The Camden City Council adopted an ordinance last night creating the position of civilian police director to head Camden's embattled police department.
After a brief public hearing on the proposal that drew reaction from both sides, Council approved the measure, 5-1, with one member absent.
Theodore Z. Davis, the city's state-appointed chief operating officer, is expected to approve the measure.
It is unlikely, however, that last night's vote will end the controversy surrounding leadership of the state-run police department.
It could set the stage for a showdown between Council and Davis over control of the nearly 500-member police department, which has been plagued for years with infighting and management problems.
"This is really an ongoing battle," Council President Angel Fuentes acknowledged in an interview yesterday. He wants state Attorney General Anne Milgram to name a police chief in addition to the civilian director, preferably from the Police Department's ranks.
Arturo Venegas, the city's state-appointed "supersession police executive," wants to become the civilian police director - a move Council opposes.
Because the position is a cabinet-level post, Davis gets to make the appointment, but he needs Council approval. Fuentes said a national search will be conducted to fill the position.
If Venegas was selected for the new job, it would install him permanently as civilian boss of the department, no longer under the Camden County Prosecutor's Office.
Davis has expressed support for Venegas to get the new job. Acting county Prosecutor Joshua Ottenberg, who oversees the Police Department, also backs Venegas.
"We're very pleased with the job that Venegas has been doing," said Jason Laughlin, a spokesman for Ottenberg.
Venegas, a former police chief in Sacramento, Calif., was appointed by the state in August 2006 to run the troubled department in one of America's most violent cities.
But Fuentes said Council members have concerns about Venegas, who has come under fire from local and Sacramento police-union officials who said he had been harsh and divisive in his former job.
Venegas has also been named in lawsuits by two Camden deputies alleging a hostile work environment or discrimination. Fuentes said morale in the Camden department is low.
The head of Camden's Organization of Police Superiors, the union that represents superior officers, asked Council yesterday "that the present leadership be changed."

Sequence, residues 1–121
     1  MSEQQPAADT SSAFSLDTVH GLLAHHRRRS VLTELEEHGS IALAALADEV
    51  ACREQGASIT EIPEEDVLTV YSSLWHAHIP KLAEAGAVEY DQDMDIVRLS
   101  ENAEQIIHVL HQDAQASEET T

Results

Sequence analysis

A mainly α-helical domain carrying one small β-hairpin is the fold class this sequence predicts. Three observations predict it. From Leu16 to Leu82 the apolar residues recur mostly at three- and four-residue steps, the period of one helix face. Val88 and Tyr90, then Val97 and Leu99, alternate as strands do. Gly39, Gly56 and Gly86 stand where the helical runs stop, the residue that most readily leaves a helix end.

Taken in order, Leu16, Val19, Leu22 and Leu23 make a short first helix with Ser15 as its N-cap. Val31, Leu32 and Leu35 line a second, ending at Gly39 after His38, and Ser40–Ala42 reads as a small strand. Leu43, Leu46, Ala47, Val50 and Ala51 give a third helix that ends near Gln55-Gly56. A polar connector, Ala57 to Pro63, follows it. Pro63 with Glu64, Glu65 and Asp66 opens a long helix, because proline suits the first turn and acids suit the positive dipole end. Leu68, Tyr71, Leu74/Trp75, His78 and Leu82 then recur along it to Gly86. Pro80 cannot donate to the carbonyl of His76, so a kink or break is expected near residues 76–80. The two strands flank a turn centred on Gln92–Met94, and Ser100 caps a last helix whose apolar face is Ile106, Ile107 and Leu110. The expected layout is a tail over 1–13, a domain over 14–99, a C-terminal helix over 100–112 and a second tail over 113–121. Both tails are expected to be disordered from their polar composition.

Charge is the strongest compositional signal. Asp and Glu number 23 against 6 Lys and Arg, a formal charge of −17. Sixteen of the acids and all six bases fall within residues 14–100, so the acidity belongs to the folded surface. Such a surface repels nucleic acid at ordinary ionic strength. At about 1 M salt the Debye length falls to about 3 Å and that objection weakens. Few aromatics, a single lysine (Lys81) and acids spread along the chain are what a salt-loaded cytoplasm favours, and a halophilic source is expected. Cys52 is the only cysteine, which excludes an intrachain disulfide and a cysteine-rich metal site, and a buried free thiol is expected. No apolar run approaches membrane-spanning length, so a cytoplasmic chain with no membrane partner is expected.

"He hasn't done the job. No vision, no plan has come down," Sgt. William Murray said during the hearing.
The city's Fraternal Order of Police, the union representing rank-and-file officers, has opposed Venegas and called for his removal.
Venegas was on vacation in California yesterday and could not be reached for comment. He has said that he would play a more direct role in making changes in the department.
His backers say Venegas has made inroads in combating crime, shifted police captains and formed alliances with key community leaders. He has been credited with restoring confidence in his former department in California.
"If they were to bring [Venegas'] name right now, he would not get the support of City Council," Fuentes said."
Councilman Gilbert "Whip" Wilson, a retired city police officer, cast the sole dissenting vote against creating the civilian position. Wilson cited the city's budget woes, and offered no indication on whether he would support Venegas for the job.
Council in June took no action on the same proposal for a civilian police director. Fuentes said Council members supported it now because the state agreed to have a police chief in addition to the civilian director.
State officials who have the power to run Camden have said they believe the Police Department should function under a state-appointed leader for at least two years before a police chief from the department's ranks takes the helm.
At last night's meeting, Council also adopted an ordinance capping salaries at $150,000 for department-head positions, including that of the newly created police director. Venegas currently earns $175,000 a year.